Running a Liveaboard Checklist Prior to Scuba Diving

Liveaboards come in all kinds of shapes and sizes: monohulls, catamarans, and trimarans, from less than 30 feet to over 100.

A lot of the most modern boats were designed and built to be liveaboard dive vessels, but you can find plenty of worthy craft out there that have been converted from fishing boats, ferries, private yachts, and so on.

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Most liveaboards are power boats, although some have motors and are fully rigged for sail, too. You can find exceptions, but in general, bigger boats are more luxurious than smaller ones; smaller boats hold more intimate groups.

The following is a list of things that you want to consider when choosing a liveaboard:

  • How big is the boat? A larger boat generally means more space and more room for amenities. Where do you store your dive gear? Ask about the amount of deck space, too.

  • How is the diving done? From the mothership? In staggered groups? From small boats? How big are the groups of divers? How many dives are scheduled per day? Generally, the smaller the group, the better. No more than five or six divers, you hope.

  • Accommodations: How big are the cabins? Are they air-conditioned? Will you have a private shower and toilet (called a head on-board ship) or share them?

  • Crew: What is the ratio of crew members to paying passengers? How many dive guides does the operation have? As a beginner, you want to take advantage of the guides. Ideally, you and your buddy would get your own personal guide for every dive. It probably won't happen that way, but if you request it, it's surprising how often they can oblige — it doesn't hurt to ask. More likely, you'll have one guide for every five or six divers, but that should be the maximum.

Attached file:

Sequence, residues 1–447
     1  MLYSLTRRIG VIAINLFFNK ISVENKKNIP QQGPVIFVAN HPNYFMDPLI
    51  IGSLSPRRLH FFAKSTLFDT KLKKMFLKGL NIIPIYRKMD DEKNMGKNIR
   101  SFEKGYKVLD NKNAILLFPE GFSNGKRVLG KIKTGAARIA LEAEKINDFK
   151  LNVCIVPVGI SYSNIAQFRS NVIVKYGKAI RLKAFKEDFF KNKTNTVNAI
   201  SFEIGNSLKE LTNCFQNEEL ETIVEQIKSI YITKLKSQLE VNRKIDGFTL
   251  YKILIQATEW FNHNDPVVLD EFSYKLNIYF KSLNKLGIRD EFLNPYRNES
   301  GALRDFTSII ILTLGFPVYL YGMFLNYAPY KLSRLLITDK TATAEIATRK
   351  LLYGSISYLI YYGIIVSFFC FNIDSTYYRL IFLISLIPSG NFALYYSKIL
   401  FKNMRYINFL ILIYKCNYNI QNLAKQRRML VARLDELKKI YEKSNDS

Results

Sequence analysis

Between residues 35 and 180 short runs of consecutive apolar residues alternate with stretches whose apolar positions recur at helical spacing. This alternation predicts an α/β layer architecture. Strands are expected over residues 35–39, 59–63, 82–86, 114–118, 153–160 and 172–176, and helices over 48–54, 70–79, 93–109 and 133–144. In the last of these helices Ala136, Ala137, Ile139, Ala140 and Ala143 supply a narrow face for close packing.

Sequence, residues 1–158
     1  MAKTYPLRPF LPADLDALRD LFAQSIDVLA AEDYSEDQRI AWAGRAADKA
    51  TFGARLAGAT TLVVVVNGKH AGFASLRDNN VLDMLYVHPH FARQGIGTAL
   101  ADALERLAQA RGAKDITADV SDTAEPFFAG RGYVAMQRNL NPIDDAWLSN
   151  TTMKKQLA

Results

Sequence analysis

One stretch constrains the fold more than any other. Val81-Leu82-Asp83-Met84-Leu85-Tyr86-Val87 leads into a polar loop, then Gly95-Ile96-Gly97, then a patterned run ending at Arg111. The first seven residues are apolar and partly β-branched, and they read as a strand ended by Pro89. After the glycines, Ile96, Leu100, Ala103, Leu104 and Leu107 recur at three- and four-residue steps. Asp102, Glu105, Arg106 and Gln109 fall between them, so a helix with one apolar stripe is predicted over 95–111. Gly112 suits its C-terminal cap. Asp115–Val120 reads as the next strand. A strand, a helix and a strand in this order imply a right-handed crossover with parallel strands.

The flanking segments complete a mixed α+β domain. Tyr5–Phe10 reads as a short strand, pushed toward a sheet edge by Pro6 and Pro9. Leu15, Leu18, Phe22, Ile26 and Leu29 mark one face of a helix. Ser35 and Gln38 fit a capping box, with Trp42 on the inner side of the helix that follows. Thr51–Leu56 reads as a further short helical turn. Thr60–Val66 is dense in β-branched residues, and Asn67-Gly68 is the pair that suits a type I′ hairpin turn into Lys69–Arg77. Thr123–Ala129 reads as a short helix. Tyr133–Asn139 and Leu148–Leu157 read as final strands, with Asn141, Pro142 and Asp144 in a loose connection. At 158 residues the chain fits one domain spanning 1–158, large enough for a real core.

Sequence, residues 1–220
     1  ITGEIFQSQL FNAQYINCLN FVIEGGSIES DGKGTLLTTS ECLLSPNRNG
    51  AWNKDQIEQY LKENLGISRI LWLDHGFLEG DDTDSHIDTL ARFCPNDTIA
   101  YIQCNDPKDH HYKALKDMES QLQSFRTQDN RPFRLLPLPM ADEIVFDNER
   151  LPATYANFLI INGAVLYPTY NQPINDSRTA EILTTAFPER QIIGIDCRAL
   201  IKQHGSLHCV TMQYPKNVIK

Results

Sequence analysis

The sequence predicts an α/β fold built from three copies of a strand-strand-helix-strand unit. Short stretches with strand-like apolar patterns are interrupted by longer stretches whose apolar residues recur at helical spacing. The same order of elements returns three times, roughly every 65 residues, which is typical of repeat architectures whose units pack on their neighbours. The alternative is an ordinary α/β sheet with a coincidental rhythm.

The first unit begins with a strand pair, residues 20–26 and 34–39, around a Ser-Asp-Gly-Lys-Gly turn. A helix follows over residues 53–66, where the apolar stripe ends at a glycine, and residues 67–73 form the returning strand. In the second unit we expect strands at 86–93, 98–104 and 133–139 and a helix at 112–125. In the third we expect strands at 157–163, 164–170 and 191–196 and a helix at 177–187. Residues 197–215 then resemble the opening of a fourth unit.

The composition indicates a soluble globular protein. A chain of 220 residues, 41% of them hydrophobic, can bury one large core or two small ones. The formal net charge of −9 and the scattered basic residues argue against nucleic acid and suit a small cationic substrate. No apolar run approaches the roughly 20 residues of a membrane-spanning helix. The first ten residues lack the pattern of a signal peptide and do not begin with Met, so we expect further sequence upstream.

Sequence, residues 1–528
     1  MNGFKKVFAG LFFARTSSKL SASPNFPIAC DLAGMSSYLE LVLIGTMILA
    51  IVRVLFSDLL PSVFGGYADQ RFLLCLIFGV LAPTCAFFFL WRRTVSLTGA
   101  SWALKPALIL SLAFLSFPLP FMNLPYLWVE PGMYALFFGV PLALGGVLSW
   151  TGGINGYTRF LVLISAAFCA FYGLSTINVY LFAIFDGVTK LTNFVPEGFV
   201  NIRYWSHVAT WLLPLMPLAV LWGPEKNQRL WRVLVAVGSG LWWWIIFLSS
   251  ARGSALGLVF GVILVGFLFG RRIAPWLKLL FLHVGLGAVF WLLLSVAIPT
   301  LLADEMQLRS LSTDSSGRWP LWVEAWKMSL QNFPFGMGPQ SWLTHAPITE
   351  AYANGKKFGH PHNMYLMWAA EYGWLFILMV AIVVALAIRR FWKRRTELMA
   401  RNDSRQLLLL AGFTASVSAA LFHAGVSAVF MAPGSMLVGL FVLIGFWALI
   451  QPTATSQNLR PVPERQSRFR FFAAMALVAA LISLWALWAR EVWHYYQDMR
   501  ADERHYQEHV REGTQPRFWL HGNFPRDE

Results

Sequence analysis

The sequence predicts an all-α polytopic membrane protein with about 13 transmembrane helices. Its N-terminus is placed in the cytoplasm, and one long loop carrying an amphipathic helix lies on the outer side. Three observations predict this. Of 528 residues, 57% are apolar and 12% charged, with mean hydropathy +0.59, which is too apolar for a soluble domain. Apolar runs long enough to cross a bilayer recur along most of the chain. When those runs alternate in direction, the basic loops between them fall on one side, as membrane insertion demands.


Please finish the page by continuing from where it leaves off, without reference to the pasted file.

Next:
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    Dive guides are often one of the more underutilized resources on the boat. They know the area and they can show you stuff you wouldn't otherwise find.

  • Food: Diving makes you hungry. How often are you fed? Who's the chef? What's the menu like?

  • Water: Does the boat have a desalinization unit or does it rely strictly on storage tanks? Fresh water is always important — and limited — on a boat.

  • Financial stability: How long has the operation been in business? How has it handled past emergencies?

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  • Photo processing: Many liveaboards have on-board E6 processing — if you're a photographer, you'll want to know if yours does. Also, does the boat have 24-hour electricity and a place to charge your batteries with 110 volts?

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